Venezuela’s Political Outlook

“Chávez’s sickness has exposed him as vulnerable. People are beginning to realize that he is not eternal, that his mandate is limited. They are beginning to ask things that they had never asked before, like what does a Venezuela without Chávez look like and who will succeed him,” said Pedro Nikken, president of the International Commission of Jurists. In a July 19 meeting at the Inter-American Dialogue, Nikken discussed the future of Venezuela’s leader, allies, and political, security, and economic conditions.

Since having announced his ongoing battle with cancer, the once very public president of Venezuela, Hugo Chávez, has remained largely out of sight. Relatively little is known about his actual condition, giving rise to much speculation as to who is running the country. This is particularly concerning when analyzed in the context of a series of laws passed last year that expanded the president’s power and established what Nikken classified as a “dictatorship.”

Though he has promised to begin delegating more of these powers to his closest advisors, no one, said Nikken, will exert more influence on Venezuela’s political development than former Cuban leader, Fidel Castro. Castro has long been Chávez’s closest ally in the region and has counseled the Venezuelan leader during his visits to Havana, where he is currently undergoing chemotherapy.

Perhaps even more disturbing than the question of who is currently running the country is the uncertainty of who will run the country should Chávez grow unable to govern. The debate over who would succeed Chávez has not yet become public, but has begun internally, remarked Nikken.

Nikken threw into question the future of Chávez’s party, the United Socialist Party of Venezuela (PSUV), ahead of the 2012 elections. Venezuela’s deteriorating economic and security conditions have caused unprecedented declines in the president’s approval ratings. Chávez, he asserted, would have had more trouble garnering support this year than in any previous year even under normal conditions. According to Nikken, the PSUV will have a difficult time winning the election without him, particularly if the opposition unites behind one single candidate.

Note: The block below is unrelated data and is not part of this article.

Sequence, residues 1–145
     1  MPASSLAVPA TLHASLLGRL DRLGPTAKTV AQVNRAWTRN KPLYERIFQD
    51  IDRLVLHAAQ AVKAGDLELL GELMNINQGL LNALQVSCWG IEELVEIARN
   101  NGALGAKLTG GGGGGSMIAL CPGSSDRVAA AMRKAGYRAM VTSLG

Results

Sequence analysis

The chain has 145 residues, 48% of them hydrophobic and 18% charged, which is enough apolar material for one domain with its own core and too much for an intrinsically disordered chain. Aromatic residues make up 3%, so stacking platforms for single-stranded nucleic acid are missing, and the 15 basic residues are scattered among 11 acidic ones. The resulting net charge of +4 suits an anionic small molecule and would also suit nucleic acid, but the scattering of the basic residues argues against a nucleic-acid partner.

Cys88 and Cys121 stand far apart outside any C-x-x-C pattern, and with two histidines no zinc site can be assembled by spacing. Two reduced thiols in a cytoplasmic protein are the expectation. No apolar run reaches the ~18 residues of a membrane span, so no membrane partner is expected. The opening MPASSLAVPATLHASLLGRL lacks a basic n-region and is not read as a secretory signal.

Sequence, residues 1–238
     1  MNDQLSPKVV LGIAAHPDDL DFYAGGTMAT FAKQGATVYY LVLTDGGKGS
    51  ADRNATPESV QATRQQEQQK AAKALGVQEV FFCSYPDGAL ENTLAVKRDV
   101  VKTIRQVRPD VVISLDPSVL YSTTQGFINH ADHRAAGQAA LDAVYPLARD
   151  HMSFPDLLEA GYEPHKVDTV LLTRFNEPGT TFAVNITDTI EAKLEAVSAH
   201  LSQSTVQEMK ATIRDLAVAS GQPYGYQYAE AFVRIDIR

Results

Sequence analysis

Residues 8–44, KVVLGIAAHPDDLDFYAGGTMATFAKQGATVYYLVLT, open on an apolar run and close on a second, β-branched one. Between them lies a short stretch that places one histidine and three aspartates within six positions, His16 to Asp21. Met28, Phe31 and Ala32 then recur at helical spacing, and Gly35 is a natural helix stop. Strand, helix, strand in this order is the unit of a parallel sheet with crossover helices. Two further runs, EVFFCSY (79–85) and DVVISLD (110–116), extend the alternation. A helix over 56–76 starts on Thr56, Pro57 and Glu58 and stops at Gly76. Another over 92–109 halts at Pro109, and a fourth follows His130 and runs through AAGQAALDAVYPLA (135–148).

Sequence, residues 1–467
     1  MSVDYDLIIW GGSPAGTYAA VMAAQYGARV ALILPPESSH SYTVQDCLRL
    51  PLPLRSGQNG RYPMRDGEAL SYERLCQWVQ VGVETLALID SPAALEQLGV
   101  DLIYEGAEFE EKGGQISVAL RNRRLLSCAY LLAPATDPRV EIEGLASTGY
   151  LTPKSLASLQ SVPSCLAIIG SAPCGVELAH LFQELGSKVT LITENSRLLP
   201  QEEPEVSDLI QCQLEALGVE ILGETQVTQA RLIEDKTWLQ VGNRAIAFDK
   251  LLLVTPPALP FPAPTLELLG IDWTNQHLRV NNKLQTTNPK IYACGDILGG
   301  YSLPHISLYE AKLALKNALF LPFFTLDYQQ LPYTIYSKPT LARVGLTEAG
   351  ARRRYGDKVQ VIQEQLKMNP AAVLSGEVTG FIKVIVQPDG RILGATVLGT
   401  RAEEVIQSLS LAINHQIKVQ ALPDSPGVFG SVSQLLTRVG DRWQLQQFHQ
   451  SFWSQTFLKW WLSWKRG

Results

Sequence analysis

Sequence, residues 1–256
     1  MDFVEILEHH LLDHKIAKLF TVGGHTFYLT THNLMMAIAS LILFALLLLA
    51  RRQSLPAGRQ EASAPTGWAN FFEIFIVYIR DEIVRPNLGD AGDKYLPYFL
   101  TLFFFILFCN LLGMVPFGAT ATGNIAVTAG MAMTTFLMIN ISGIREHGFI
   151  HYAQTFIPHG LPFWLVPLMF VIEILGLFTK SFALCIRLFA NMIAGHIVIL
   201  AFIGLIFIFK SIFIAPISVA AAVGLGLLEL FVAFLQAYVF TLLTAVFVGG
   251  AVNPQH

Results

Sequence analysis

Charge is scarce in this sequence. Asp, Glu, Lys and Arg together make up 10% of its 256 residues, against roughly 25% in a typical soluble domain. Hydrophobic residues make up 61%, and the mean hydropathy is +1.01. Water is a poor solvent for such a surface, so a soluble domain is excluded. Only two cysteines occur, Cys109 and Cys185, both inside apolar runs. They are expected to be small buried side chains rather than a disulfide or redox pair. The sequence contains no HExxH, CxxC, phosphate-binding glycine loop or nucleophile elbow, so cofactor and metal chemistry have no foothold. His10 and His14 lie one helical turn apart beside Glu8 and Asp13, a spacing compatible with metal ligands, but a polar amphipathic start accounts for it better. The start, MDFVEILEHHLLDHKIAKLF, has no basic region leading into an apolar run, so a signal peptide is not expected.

“The PSUV has created a revolution out of what really is a personal enterprise. The party is what it is today because of the president. Venezuelans are not prepared to give to anyone else the sort of power that they gave Chávez. The affection of the poor for Chávez is truly amazing. You cannot inherit that,” argued Nikken.

He concluded the event by responding to questions over the future of Venezuela’s military, an organization that, he claimed, is increasingly politicized, and the prospect of military intervention should Chávez renounce his post.

“The ghost of violence exists. The temptation to concentrate more power in one person through the use of force is possible,” he said.

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